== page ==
By – Khushi Chaudhary

” The return on this type of financing is more than 50%-100% in some cases which is a considerably better return on any investment done in any conventional corporate finance deals in the Indian Market.By business world ” ~Business World

Litigation finance or litigation funding is non-recourse funding where a third party provides the financial support which enables the litigant to bear the costs of litigation or arbitration disputes.

The litigant obtains all or part of the finance depending upon the predetermined terms of an agreement to cover its legal costs from a third party financer or a commercial funder having no interest in the lawsuit. 

After the resolution of a dispute, if the case is won by the funded party, the third party or the commercial funder receives an agreed share of the amount as the outcome of the successful litigation.

But if the case turns out to be unsuccessful in that event there is no recovery mode from the disputes in hand and the disputing parties are under absolutely no obligation to repay the funder for their investment.

Litigation funding has gained immense traction amongst investors in the last couple of years. 

It’s not only the lack of liquidity that drives a decision to seek third-party investors but as disputing parties now seek investors for reasons of mere convenience, cost-effectiveness and risk-sharing.

Moreover, when the claimant decides to pursue a claim under litigation or commercial arbitration, they are taking on financial risk.

The risk not only includes the irrecoverable operational cost but also the risk of having an unsuccessful claim at the end of the dispute resolution process.

Therefore, Adopting litigation financing in this way can shift that financial burden to a third-party funder, who not only has their risk-assessment team but also carries a diversified portfolio of case investments.

From the viewpoint of investors, litigation finance is a good investment that stays unaffected by any other business cycles and markets. Hence, in times of economic downturn when other investments may not yield benefits, litigation finance seems to be unaffected.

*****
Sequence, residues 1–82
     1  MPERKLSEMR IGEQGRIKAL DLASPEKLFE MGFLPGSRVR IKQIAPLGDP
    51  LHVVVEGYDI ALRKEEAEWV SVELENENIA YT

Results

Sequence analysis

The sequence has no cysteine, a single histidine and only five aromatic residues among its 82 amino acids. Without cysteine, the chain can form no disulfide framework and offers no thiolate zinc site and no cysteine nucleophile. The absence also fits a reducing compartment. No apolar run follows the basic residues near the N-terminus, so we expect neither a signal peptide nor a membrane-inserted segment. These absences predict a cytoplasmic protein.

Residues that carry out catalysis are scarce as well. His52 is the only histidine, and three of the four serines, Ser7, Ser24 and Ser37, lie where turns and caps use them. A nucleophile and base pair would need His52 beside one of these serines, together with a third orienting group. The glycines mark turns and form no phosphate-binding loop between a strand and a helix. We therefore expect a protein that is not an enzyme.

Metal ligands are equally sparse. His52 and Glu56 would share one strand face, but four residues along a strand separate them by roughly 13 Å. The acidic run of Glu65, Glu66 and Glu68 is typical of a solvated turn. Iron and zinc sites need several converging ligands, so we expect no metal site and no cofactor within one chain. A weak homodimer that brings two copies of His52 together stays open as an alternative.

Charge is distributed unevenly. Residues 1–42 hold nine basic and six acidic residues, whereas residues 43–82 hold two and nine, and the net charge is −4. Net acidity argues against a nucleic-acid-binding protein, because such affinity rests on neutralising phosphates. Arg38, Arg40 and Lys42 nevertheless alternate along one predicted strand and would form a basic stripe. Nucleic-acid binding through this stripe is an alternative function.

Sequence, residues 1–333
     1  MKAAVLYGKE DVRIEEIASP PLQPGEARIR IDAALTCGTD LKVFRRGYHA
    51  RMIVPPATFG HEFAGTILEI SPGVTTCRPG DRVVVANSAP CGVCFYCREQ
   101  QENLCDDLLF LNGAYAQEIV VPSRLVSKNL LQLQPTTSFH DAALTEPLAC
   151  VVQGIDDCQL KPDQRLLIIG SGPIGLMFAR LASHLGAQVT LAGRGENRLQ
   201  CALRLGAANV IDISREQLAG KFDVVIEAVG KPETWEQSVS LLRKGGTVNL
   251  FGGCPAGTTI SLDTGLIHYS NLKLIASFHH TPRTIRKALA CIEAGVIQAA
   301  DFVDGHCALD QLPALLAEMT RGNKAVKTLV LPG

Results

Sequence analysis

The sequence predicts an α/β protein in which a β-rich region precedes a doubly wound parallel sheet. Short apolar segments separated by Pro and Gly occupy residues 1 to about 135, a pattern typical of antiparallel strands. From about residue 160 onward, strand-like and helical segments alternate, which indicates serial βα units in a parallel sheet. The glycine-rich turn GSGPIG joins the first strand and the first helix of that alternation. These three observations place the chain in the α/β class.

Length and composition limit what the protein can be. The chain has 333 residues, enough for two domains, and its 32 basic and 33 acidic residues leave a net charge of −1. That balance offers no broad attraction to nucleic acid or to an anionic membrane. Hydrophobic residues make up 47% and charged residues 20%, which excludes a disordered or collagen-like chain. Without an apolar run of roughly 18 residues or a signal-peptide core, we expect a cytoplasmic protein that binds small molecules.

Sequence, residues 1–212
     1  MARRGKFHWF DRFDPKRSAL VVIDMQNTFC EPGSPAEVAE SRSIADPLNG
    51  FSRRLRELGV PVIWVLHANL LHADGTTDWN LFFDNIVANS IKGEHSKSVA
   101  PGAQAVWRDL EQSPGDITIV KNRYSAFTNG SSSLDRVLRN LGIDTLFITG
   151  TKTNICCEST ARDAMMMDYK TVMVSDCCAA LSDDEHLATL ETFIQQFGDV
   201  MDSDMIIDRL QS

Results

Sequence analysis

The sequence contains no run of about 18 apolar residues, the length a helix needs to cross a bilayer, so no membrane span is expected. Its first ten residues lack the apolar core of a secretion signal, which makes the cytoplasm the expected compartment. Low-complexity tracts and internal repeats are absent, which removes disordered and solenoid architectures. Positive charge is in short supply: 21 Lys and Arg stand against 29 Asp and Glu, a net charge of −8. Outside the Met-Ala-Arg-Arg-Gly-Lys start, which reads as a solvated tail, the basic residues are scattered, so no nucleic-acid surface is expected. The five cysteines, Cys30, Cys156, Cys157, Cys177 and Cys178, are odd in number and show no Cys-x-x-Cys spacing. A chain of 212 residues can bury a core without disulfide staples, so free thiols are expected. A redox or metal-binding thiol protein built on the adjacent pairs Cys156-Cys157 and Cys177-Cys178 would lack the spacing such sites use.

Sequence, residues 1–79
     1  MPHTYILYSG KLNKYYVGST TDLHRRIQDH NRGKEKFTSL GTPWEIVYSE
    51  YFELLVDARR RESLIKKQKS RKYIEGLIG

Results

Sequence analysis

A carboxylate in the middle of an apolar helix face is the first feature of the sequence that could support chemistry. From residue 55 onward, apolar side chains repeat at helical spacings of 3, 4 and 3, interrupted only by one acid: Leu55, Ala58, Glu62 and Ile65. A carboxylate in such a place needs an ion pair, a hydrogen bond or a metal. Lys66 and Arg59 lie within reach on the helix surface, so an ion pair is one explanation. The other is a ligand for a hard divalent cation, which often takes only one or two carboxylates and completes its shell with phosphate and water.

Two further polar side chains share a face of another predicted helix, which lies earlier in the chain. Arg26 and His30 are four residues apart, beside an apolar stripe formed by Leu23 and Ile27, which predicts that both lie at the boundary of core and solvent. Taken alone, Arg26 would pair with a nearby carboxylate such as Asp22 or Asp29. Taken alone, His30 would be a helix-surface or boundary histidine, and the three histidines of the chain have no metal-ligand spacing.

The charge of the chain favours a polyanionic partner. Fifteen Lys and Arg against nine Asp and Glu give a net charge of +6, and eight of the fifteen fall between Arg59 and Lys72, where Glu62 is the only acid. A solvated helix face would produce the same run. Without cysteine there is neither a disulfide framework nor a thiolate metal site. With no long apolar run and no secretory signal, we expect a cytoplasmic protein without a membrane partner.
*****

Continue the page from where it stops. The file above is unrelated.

The coronavirus pandemic has hit the economic growth of India and lots of businesses suffered huge losses, causing more legal contractual disputes between the companies in India. Indian companies have only one option to fight the case and pay hefty legal fees to very expensive lawyers. 

And therefore it becomes difficult for the companies because of their inability to meet the working capital requirement due to payment of hefty legal fees to the lawyers. The number of cases having good merits remains uncontested in India. And here litigation finance comes into the picture.

Last year two notable examples of third-party funding have raised awareness amongst corporate finance advisors to see litigation funding as an alternate means of financing: the monetisation of an arbitration award in Hindustan Construction Company and Patel Engineering.

Major infrastructure companies in India are struggling with stressed assets and huge pending claims; litigation funding would help them to settle their claims.

Litigation finance is a very old concept and has been permitted in England and Wales since the 1960s having a code of conduct for litigation funders facilitated by their ministry of justice. In Australia, corporation amendment (Litigation Funding) regulations 2020 were introduced to provide regulatory oversight on the funders.  Similarly in the United States, the litigation funding transparency act of 2019 was enacted which requires disclosure of funding in litigation. 

In India, there is no piece of legislation that regulates third-party funding for litigations and/or arbitrations in India. However, the Supreme Court of India in the case of Bar Council of India v. AK Balaji expressly clarified that There appears to be no restriction on third-parties (non-lawyers) funding the litigation and getting repaid after the outcome of the litigation… Third-Party Litigation Funding / Legal Financing agreements are not prohibited“.

In a country like India, where the economic policies are framed in such a way as to always open doors for foreign investments and multinational corporations, disputes and differences are bound to arise between parties.

Nowadays there’s an upward graph of economic activities that has led India to become a hub for commercial arbitrations.

Thus, it cannot be denied that India would eventually require a comprehensive and progressive legal framework that would facilitate convenient dispute resolution, provide maximum judicial support for arbitration, and minimize judicial intervention.

However, it is well-established law in India that advocates are expressly prohibited from funding any litigation and/or arbitration when representing a party in the underlying dispute. This in turn could raise eyebrows for funders that seek contingency fees of legal counsel as a critical factor to determine an investment decision.


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